To decide what technology to use, conduct an audit of your company’s current communication tools to identify deficiencies and opportunities for improvement. You may find that different departments use different tools (some on Slack, some on Skype, and others on WhatsApp) and that you can cut costs by deploying a single solution across the workforce. Of course, there are many benefits to having everyone use the same software platform and protocol.
You may also find that a large segment of your workforce is completely shut out. For companies that have deskless workers, such as field service organizations, this happens all the time. Information that is sent over email or via an intranet simply goes unread because these workers are on mobile devices, not desktops.
Additionally, don’t forget to think about communication holistically across the entire organization. Choosing an app built solely for top-down communication can have the side effect of employees never checking it because they don’t need to use it to get their work done. Consider:
- How employees will talk to each other
- How managers will talk to their teams
- How corporate will push updates out to the workforce
Rather than forcing multiple apps on employees, it may be worthwhile to find a solution that combines all of these communication functions into one app.
6. Set Guidelines For Which Communication Modes Should Be Used
For updates that don’t require an in-person meeting, what online communication mode will be used? There are a myriad of modes to choose from including conference calls, top-down broadcasts, group chats, and of course old-school email. Decide which methods are appropriate for the message. For non-urgent updates that are team-specific, a group message may suffice. For an urgent safety alert, a broadcast that instantly alerts employees is a better choice. Provide guidelines for which modes to use so that those in charge of pushing out updates can be as effective as possible.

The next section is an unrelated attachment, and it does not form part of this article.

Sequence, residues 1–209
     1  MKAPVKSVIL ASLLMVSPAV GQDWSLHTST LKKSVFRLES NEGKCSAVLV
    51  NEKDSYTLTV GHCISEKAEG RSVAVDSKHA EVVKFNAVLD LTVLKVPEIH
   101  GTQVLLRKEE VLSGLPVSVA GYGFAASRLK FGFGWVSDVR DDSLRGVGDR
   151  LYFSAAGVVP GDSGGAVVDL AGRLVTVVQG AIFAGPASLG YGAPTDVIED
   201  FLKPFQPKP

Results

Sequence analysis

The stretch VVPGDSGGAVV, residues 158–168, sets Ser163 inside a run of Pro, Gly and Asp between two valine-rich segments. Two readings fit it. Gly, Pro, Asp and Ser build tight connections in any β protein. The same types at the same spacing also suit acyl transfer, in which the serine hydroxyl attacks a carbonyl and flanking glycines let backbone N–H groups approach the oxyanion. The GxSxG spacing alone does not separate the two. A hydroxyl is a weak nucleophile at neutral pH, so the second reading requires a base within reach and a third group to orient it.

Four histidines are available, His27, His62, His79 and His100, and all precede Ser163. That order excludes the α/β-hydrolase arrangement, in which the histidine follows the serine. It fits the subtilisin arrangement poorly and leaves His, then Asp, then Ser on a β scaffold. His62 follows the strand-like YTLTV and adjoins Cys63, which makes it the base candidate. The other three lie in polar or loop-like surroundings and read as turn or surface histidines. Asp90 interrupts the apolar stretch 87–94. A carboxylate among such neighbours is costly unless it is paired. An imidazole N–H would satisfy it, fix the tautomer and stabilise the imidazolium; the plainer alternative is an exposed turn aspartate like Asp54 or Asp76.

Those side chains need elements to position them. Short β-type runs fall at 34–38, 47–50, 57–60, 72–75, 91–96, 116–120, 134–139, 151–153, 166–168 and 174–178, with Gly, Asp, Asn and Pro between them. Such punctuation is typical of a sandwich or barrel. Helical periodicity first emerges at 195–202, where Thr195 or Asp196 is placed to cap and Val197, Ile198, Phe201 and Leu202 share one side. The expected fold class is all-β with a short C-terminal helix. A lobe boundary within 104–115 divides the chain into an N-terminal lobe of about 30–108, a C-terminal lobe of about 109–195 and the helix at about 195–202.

7. Identify Who Will Own Different Top-Down Communications
Who will own the different types of updates? Identify the exact employees across HR, corporate communications, and management who will be in charge of getting updates out to the workforce. This prevents information gaps as well duplicate emails regarding the same topic.
8. Factor in How Employee Feedback Will Be Collected
Lastly, how will corporate gather employee feedback? Issuing surveys, holding live Q&A sessions, and having designated group messaging channels for feedback are all options. Don’t be afraid to adjust your internal communication standards to better accommodate employees. Regularly check in and make sure employees are getting the information they need and adjust your strategy when necessary.
Get Your Internal Communication Standards Off the Ground
With a communication strategy and procedures in place, you can ensure employees stay informed and engaged. Many organizations suffer from low retention rates and uninformed workers, which leads to low productivity and costs the organization thousands per month.
By thinking through corporate communication strategies and creating guidelines that help employees get information out effectively, you can turn around those metrics. Companies like BlueLine Rental and Vivint Smart Home have completely transformed their company culture and employee retention by putting strategy and effective technology behind their communication processes.
Listen to the CEO of BlueLine Rental talk about the communication changes he made in this episode of the Essential podcast: